Patrick: Well, I didn’t particularly care about the dress. I don’t think any child would * laugh *. But I grew up. It was very easy to choose my outfit for the day.
Fox News: What’s the fun fact about the show that would surprise fans today?
Patrick: I don’t think people ever really realized how good in comedy Al Lewis and Fred Gwynne were in the background. They really worked as a team. They had an amazing comic time that I would honestly compare to Laurel and Hardy or Dean Martin and Jerry Lewis. They were so good. And I think it turned out. So I think a lot of people would be surprised at how talented these guys were outside of makeup.
Fox News: How did you find yourself when the show ended?
Patrick: You know, that’s Hollywood. You get a script, you do a series, and you get to work with an cast that becomes a family unit. For a while, you all work closely together. And then it’s over. Everyone goes back to their lives. An acting career is a really unique situation. It’s basically a series of temporary jobs and you get used to it.
You get in, do your job, and when it’s over, you move on to the next job. You get used to not being together for long. But I will say that there was a very likely family unit in this kit that went beyond makeup and special effects because it was genuine. And I think that’s exactly why the show is so successful.
Fox News: Did you stay in touch with any of your former teammates?
Patrick: Not right after. I was a 12 year old and they all went back to their adult lives. I went back to high school. But over time, I began to see them at various conventions and meetings. That’s when I started to stay more in touch with them.
Fox News: When it comes to classic TV shows about families, you only have “Leave It to Beaver” and “Father Knows Best” available, to name just a few. Why do you think people resonated with the “Munster”, a completely different family?
Patrick: We had good talent to start with. We also had good scenarios. But people also had a lot of fun. He allowed us to shoot a comedy that wouldn’t be so funny in the “Beaver” environment. We could have avoided many more.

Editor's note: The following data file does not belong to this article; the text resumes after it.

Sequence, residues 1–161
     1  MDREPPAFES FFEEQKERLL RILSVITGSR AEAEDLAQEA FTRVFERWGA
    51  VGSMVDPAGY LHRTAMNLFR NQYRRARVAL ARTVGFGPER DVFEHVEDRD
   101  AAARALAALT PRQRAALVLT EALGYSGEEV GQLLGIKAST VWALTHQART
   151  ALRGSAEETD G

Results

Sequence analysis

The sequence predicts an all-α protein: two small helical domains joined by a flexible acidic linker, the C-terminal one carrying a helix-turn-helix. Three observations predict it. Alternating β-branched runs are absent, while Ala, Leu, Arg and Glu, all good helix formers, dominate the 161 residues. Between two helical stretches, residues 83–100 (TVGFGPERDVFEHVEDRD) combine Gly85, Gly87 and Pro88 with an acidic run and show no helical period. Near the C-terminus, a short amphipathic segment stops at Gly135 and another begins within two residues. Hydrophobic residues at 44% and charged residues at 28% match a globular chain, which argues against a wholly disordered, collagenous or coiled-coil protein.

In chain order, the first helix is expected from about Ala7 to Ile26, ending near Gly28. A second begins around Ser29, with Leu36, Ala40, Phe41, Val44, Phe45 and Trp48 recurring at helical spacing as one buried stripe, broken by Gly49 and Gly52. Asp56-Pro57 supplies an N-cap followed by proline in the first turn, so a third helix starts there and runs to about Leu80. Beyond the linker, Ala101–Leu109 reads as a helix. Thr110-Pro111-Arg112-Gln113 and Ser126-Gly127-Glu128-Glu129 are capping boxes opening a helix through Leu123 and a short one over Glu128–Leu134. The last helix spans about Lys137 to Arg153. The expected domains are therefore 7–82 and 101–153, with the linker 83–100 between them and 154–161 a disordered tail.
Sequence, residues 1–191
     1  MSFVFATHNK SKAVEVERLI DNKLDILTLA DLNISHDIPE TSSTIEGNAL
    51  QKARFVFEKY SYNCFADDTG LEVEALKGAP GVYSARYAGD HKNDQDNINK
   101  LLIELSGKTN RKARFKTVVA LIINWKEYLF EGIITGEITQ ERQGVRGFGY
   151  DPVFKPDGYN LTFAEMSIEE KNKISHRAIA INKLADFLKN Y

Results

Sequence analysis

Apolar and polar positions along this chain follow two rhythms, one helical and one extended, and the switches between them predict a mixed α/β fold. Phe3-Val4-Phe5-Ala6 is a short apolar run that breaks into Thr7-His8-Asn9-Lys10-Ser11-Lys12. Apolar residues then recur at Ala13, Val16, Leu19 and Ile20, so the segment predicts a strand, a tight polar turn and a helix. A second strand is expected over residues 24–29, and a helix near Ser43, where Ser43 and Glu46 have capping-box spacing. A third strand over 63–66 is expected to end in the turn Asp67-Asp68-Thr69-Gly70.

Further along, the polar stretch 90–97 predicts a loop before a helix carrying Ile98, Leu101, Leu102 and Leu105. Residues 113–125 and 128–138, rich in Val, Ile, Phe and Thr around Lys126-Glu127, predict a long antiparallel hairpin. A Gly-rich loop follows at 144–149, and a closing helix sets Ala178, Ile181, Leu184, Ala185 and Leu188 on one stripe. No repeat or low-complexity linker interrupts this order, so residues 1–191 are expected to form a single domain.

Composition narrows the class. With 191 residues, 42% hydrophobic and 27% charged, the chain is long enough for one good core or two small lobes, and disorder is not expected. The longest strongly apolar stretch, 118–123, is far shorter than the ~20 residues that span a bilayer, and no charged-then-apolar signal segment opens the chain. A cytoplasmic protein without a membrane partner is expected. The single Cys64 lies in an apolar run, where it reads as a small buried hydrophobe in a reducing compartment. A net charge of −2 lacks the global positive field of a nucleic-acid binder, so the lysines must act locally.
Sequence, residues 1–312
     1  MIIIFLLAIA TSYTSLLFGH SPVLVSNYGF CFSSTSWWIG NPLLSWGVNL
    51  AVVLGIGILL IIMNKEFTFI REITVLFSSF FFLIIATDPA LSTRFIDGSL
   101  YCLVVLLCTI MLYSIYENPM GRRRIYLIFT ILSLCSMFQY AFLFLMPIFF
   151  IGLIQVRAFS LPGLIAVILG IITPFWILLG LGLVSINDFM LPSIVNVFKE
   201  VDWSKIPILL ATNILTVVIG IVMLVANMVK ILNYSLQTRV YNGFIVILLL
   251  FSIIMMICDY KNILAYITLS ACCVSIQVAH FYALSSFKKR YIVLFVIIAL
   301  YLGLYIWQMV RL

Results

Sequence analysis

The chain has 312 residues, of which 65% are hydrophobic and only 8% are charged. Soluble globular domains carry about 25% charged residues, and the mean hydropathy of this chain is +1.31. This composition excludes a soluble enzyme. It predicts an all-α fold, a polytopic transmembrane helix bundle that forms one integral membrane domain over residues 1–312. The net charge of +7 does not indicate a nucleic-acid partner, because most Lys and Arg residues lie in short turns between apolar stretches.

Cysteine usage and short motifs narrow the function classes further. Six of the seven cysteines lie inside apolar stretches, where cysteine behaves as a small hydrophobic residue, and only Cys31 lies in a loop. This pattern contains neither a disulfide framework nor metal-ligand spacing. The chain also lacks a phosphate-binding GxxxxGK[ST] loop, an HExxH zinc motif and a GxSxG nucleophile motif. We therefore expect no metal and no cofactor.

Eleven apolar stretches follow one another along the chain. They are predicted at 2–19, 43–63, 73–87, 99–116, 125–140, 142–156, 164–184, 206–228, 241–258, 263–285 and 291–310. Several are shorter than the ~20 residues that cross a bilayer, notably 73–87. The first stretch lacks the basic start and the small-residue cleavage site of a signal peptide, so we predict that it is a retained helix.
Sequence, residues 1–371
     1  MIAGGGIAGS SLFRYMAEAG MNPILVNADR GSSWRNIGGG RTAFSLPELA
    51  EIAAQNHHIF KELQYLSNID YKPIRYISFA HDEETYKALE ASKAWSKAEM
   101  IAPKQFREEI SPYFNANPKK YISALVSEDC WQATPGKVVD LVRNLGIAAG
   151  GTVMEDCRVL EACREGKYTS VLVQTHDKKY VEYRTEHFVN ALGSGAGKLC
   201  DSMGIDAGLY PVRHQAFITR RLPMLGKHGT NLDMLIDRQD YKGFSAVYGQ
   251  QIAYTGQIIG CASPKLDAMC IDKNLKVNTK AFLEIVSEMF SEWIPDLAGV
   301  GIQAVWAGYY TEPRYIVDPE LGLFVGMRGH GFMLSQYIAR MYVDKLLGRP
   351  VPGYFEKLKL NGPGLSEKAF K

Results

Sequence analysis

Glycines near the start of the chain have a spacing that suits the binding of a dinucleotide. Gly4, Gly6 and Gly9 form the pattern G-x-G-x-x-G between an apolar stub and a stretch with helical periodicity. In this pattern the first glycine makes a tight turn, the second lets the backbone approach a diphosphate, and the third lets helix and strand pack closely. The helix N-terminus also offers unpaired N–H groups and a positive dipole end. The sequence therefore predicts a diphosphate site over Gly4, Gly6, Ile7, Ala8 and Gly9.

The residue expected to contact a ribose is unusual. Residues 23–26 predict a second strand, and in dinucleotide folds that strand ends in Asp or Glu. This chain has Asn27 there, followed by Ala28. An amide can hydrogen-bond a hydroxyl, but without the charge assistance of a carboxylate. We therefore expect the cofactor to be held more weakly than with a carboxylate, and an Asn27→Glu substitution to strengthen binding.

Fox News: When did you first find out that the series developed a cult?
Patrick: I knew something was going on when I saw reruns on TV all the time. Then I started coming to me with people and their kids and telling me how much they love the show. And it didn’t stop.
Fox News: Why did “The Munsters” end?
Patrick: “Batman.” You also switched from black and white to color. “Batman” had that. And then Fred and Al were almost ready to go home. They were from New York. That’s how the show went. And don’t forget that the shows were short at the time.
We wouldn’t try to pull things off and squeeze ourselves out for another year. And I think it was actually better that way. Many shows in those days took place over three years and became very successful. And then their time ran out and they all moved on to the next thing.
Fox News: Have you ever felt typified while growing up?
Patrick: No, because I didn’t walk around in velvet shorts and do interviews * laughs *.
Fox News: A remake of “Munsters” is happening to Rob Zombie. How do you feel about that?
Patrick: I’m happy. I think Rob Zombie is the perfect guy for the job and he has a big fan base. He’s also a real fan of the show, so I know people will like it. He is an experienced filmmaker and musician, so it will be really interesting and exciting to see what he does. Coincidentally, he’s also a personal friend, so I just keep my fists up and hope for the best.